I didn’t read much as a child. Hell, I didn’t even read Harry Potter till far later. But, call it fate or happenstance, I did read a little bit, and came across a certain spectacular title: A Wrinkle in Time, Madeleine L’Engle’s multi-award-winning children’s novel about all aspects of love, not just the romantic ones.
I first read this book when I was going through a particularly awkward growth spurt. This was also during the same year I learned that televisions were allowed to go flying off the wall in anger, and shouting could easily turn into waterworks. This book helped me escape a reality I wasn’t too happy with, and was probably the only book I read that year, but it helped me along just fine.
In A Wrinkle in Time, regardless of our age, once we begin following L’Engle’s entrancing words we fall into this fantastic world of skepticism, where old ladies were magical creatures in disguise, and characters like Meg and Charles Wallace Murry are right beside us, leading us along with their crazy time travel adventure.
Prior to the start of the story, the scientist Dr. Murry disappeared under mysterious circumstances. After some time, Meg had come to believe that her father had simply left his four children and their smart, innocent mother. When a passing visitor mentioned her father and the chaotic scientific concept, “the tesseract,” Meg, Charles Wallace, and Meg’s friend Calvin, chase after a trail that could lead the Murry kids to their missing father. With the help of three supernatural old ladies, the children travel throughout space and time, encountering all sorts of creatures from angelic centaurs to floating, super-intelligent brains, in order to rescue their father.
In a way, it’s a straightforward tale about kids saving their dad and good versus evil. But at the same time, it’s not—it’s so much more.
The main protagonists are a trio of misfit kids, on a fun and dangerous journey where their courage was repeatedly tested. As children or adult, it’s difficult not to find an empathetic connection for these genuine children, who had faced bullying and brutal lies regarding their missing dad, just go on a desperate journey to look for him. It tugs at the heart.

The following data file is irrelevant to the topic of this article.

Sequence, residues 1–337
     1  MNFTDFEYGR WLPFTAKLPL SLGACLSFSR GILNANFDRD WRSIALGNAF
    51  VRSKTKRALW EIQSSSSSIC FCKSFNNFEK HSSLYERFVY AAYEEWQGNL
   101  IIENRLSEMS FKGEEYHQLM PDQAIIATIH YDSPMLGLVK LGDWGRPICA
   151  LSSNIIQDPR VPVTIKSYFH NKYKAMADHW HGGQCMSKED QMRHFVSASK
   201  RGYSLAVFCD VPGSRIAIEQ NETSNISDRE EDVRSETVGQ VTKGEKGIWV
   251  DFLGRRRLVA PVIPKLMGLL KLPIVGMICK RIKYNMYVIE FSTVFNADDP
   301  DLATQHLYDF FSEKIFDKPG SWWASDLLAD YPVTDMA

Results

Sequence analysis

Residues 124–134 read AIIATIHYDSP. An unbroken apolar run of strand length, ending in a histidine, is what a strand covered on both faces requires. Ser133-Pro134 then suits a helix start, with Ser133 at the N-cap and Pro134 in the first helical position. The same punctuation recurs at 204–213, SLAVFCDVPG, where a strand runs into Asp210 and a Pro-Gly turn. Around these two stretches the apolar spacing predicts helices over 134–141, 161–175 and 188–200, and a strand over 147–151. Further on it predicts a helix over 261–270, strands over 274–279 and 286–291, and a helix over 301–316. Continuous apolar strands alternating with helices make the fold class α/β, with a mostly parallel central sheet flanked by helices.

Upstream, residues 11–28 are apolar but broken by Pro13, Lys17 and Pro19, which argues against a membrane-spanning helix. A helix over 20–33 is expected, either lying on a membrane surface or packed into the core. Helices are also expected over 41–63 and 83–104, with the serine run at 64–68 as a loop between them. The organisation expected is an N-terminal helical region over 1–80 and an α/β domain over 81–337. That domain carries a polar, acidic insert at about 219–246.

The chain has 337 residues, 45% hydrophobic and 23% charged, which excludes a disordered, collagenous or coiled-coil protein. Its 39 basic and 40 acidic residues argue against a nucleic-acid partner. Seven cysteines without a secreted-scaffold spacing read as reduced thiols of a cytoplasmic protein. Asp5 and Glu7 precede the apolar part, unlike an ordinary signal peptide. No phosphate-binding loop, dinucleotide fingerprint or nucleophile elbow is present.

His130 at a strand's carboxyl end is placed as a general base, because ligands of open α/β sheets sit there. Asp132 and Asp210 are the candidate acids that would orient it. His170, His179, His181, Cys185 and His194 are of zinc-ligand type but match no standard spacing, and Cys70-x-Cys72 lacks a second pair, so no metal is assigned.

When reading A Wrinkle in Time, I felt like I was watching an 80’s family adventure from Steven Spielberg or Chris Columbus (examples: E.T. The Extraterrestrial, Gremlins, and The Goonies). It was immersive, exciting, tense, and filled with hope, with this innocent childhood glory, this awesome wonder, and love. I was rooting for the children, gripped with fear when a potential adversary makes a move, and wildly optimistic for the protagonists’ sakes and my own inner child’s.
At the core of it, A Wrinkle in Time was a conversation about love—a very quiet, intimate conversation. L’Engle didn’t just tell us about the other kinds of love aside from romantic love. She showed it to the reader. Through the experiences of the Murry family and Calvin’s interactions with them and their journey through a strange world to save their father, it was all to show us the things we’d think, feel, say, or do for the people we love. The children learned of sacrifices and overcoming fears, lies and forgiveness, and the deep affection of familial love throughout the winding twists and turns of the story.
Ultimately, A Wrinkle in Time was a fun and entertaining childhood read that struck close to the heart. There were instances where L’Engle’s Christian influences were apparent in the story, but the virtues and themes she played with were so universal that regardless of religion or belief they still apply and make you feel. It was a touching, empowering story about love, and I remembered it made me feel more courageous about loving my family, and even my stupid little brothers.
The novel is also on several banned books list, but all good stories seem to take that trend. Either way, A Wrinkle in Time warrants a good read for the young or old.
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“Love. That was what she had that IT did not have.”